So my own posting of my film on YouTube, has had only 2,000 views, as opposited to over 500,000 on the combined viral postings. If success is measured by numbers, I have cut my own throat. But I think I have learned something from my experience as Mathew. I am going to put it into practice, and let's see where it leads this time.
As to the other pages being viewed on this website in November, the article about "James, the Submarine Man" is still at the top. It means that my presentation of somebody else's case is of far more interest, apparently, than my own. I make it available for the advancement of the field as a whole, for educational purposes. I am personally disappointed that people don't take my case as seriously as they take Rick Brown's case. But this isn't primarily about me, personally (even though some may think it is).
My old article about my Guru, Meher Baba, comes next. That has enjoyed a resurgence ever since it was posted in a closed group for followers. It means the additional views are "preaching to the choir," which is fine, but I'm more pleased when new people are exposed to the information.
Capt. Robert Snow's case is being viewed, but it may be a result of him promoting his new book, which has nothing to do with reincarnation. Then comes "Continuing Love," my article about the possibility of continuing a soul-mate relationship after the death of one partner. That article received 223 views in November. How people find it, I don't know. They don't buy my book on that subject, being, apparently, content to read the article. Perhaps the seed is planted: "Somebody else is doing this. It's an option."
Next comes Abby's journal, which link has been taken off the home page since I moved here to Portland in February (just as this Updates link is off, now). She had 192 visits, so apparently she has her regulars. Immediately following is my (now disabled) Updates page--the one that new visitors will see, announcing that I have discontinued it. That also got 192 hits, which suggests that every month, 192 new people were checking it out.
Among the top 30, 152 looked at my supporting page for my first book, "Mathew Franklin Whittier in his own words," without purchasing it. Another 111 people found their way to a joint presentation of that book, and my book about my ongoing relationshp with Abby; but again, none purchased either book. The Archives page--where, as you know, one can access this live blog, received 96 visits, some portion of which was me, testing it. Maybe I did that more than I realized. I've stopped hitting that page online, so from now on, this stat will reflect only other people's visits.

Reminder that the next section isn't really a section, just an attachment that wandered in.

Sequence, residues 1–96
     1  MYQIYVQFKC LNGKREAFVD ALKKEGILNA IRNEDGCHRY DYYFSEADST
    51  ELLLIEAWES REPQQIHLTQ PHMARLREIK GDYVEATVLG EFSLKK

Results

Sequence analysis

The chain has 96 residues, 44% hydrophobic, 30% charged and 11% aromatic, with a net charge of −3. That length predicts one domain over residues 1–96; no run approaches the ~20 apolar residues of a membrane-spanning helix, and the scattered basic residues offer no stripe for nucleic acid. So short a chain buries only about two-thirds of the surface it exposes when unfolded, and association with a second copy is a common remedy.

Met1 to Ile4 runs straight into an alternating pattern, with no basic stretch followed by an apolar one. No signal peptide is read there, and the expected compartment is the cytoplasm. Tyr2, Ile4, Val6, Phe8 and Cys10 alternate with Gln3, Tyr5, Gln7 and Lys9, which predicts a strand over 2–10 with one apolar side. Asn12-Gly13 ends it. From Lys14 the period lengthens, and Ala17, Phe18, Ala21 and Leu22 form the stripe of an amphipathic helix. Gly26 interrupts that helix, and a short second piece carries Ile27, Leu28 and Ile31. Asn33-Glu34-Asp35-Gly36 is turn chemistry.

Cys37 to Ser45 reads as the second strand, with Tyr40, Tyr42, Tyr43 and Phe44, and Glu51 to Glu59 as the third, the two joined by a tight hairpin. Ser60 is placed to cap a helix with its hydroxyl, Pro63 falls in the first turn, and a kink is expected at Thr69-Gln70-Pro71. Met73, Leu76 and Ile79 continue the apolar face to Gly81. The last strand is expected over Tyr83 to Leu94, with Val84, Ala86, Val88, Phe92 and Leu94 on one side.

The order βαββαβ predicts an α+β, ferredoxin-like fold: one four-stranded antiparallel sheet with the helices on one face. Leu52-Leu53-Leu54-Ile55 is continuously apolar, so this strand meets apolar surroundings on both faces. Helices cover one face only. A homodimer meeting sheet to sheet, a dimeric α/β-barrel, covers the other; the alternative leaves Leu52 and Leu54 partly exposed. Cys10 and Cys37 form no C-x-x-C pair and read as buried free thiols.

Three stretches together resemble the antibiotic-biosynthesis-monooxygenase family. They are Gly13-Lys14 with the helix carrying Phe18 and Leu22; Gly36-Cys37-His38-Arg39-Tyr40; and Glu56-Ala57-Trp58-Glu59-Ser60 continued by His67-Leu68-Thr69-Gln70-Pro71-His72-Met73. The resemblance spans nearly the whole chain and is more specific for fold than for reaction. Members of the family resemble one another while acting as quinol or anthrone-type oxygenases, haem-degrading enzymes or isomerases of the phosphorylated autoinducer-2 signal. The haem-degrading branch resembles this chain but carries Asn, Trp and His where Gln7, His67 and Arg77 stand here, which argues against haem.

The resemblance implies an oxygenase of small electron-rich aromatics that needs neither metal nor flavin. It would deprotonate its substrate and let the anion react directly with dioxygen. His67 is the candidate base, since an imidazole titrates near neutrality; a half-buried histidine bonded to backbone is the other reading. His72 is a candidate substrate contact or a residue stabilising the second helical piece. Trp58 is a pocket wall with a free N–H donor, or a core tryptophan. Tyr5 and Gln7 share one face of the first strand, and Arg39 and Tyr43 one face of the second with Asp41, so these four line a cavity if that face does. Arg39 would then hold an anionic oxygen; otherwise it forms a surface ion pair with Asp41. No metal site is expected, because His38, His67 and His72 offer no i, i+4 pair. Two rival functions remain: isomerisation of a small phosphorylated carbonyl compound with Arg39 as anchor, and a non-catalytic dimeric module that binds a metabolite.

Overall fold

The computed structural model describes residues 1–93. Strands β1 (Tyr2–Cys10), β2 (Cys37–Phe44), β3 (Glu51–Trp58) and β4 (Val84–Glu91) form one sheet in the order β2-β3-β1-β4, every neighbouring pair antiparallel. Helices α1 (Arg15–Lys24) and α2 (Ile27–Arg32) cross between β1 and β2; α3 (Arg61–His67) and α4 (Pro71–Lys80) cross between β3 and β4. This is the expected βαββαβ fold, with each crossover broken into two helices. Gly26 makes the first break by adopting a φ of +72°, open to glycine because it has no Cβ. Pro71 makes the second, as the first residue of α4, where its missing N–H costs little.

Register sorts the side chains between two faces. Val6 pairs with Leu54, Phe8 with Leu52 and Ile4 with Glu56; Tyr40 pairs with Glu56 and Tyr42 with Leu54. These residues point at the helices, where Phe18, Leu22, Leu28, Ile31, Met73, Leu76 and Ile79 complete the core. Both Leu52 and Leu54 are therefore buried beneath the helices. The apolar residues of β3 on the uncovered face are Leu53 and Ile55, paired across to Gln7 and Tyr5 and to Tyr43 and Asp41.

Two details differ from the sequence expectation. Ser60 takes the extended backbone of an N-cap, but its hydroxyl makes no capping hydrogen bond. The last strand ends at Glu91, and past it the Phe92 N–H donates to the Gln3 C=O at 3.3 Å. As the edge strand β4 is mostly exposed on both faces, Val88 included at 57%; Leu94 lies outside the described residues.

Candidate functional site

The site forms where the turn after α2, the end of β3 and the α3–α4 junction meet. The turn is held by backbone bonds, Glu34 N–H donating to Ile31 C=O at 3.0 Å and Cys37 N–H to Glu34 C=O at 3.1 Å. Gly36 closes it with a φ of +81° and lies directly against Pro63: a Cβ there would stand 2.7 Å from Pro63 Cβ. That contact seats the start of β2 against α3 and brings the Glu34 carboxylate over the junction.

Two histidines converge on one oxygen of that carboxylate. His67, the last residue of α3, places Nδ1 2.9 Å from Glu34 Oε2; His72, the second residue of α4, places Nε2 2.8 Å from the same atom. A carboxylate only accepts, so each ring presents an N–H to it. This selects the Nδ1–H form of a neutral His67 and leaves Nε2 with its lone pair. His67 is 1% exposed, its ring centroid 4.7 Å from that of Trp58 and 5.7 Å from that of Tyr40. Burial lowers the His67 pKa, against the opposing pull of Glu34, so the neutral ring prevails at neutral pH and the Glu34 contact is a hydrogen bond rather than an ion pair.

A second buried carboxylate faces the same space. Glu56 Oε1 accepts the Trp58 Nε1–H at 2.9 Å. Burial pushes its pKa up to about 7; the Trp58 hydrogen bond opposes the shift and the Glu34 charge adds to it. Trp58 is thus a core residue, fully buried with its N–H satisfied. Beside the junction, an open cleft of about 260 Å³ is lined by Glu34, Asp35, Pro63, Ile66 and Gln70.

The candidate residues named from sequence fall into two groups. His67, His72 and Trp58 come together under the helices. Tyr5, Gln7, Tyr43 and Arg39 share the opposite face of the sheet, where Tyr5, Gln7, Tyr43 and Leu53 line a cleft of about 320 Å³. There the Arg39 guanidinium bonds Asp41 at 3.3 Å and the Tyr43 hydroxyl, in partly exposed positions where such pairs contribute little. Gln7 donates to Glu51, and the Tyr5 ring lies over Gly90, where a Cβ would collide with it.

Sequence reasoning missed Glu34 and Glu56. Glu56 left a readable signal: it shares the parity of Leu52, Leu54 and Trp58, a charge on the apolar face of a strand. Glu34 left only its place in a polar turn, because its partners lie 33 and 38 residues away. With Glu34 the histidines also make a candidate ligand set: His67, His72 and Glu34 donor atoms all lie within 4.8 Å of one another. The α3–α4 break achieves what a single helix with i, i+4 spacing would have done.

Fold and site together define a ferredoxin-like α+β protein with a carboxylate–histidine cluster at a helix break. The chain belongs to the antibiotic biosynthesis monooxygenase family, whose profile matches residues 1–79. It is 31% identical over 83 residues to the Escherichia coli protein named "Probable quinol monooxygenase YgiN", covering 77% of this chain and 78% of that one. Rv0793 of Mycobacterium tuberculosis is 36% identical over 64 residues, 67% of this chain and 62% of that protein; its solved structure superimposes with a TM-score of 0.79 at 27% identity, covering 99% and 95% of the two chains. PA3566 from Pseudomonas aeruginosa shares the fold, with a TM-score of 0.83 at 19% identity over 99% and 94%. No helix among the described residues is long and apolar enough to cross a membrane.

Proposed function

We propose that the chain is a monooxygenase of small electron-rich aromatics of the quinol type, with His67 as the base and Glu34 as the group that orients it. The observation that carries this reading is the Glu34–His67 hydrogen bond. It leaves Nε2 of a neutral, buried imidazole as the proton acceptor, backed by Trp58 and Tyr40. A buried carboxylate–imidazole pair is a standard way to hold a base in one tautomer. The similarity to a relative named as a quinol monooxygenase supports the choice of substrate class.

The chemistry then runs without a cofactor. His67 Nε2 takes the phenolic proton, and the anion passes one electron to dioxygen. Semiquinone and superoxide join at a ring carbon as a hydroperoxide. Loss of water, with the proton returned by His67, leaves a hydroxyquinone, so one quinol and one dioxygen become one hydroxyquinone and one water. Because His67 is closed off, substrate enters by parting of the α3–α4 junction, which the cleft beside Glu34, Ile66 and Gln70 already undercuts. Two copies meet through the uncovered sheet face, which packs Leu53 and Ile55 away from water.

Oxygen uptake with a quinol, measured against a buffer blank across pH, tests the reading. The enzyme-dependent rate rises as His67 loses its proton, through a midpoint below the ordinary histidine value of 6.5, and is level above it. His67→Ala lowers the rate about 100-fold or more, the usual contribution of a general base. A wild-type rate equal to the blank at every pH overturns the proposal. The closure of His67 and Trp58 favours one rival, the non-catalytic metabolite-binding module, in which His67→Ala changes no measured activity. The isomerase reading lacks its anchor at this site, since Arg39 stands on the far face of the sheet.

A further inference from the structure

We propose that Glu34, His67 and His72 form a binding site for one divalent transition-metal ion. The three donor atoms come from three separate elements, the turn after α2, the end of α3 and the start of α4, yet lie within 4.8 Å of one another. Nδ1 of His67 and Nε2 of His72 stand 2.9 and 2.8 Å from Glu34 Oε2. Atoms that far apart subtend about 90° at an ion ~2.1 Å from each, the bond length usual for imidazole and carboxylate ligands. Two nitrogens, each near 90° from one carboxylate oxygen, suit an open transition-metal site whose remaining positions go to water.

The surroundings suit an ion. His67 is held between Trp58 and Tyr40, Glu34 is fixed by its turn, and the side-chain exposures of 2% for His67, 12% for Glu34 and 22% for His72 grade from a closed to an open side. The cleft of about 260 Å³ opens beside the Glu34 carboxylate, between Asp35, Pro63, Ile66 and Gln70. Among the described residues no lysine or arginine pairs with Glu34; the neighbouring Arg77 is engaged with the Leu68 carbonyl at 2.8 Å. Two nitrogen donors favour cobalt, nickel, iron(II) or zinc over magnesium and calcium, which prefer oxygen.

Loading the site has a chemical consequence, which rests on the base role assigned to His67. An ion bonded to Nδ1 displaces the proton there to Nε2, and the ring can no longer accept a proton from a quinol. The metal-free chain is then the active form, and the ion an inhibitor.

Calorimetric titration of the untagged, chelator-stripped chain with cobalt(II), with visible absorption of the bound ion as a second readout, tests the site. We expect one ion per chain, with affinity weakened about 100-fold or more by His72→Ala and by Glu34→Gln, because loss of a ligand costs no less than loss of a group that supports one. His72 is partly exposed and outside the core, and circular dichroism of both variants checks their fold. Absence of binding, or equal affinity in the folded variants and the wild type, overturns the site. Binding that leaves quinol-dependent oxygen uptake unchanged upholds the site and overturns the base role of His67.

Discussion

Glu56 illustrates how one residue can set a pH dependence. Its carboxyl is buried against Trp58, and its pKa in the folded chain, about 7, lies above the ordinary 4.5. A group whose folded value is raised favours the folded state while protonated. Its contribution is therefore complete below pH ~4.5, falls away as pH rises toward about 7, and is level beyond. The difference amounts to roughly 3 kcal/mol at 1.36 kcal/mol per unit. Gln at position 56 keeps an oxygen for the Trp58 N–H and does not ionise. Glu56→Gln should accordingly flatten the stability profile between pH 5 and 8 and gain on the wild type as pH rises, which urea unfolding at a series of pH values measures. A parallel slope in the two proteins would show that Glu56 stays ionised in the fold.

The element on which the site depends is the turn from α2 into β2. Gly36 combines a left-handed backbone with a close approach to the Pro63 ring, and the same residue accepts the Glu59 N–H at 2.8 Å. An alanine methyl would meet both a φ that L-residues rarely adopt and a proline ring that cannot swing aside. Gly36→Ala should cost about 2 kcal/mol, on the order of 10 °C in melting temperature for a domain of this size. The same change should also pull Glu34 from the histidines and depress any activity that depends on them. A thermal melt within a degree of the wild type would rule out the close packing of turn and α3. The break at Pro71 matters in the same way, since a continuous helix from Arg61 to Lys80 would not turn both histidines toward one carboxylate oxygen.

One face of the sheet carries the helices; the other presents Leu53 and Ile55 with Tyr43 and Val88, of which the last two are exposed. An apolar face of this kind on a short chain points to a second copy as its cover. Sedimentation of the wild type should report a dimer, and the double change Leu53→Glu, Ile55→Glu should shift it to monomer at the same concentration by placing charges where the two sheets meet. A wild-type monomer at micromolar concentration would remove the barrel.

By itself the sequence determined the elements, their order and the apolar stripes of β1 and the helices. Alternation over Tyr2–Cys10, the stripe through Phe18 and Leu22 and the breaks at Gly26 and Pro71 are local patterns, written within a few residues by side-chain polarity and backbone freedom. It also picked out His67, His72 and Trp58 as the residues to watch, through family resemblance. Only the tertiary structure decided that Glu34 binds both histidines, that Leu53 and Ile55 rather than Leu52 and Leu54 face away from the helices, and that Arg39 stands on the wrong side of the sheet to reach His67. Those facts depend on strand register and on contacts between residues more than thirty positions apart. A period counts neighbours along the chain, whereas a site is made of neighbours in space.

Nine people watched my video interview on the Interviews page in November. (Presumably, since they don't buy my books or express any further interest, they simply don't believe me, and the chain is broken at that point.) Eight people somehow found my old spoof of Einstein at the Unemployment Office. I'm not even sure how they found it--maybe it's linked from the News and Announcements page. A handful listened to my old radio interviews; no fewer than 41 downloaded Seba Smith's satirical book on the Life of Andrew Jackson (historians incorrectly cite Smith as the originator of Mathew's style in America); and 35 downloaded the image of the editorial page of the July 28, 1832 New York "Constellation," which reflects Mathew's work as the junior editor. Somebody is linking to it, presumably, in some context. Perhaps they like the leading editorial, "Use All Gently." I was just thinking, before I started writing this entry, that one could make the case that Mathew was a hypocrite, because, in his satirical writing, he didn't always live up to this ideal. But really, he was sincere--he just found himself up against some very nasty, ignorant foes, and concluded that sharp sarcasm was his best weapon against them. People do have conflicting ideals, and they can't always reconcile them. Remember that Mathew was raised Quaker, when you are considering the question of who authored these editorials in the "Constellation."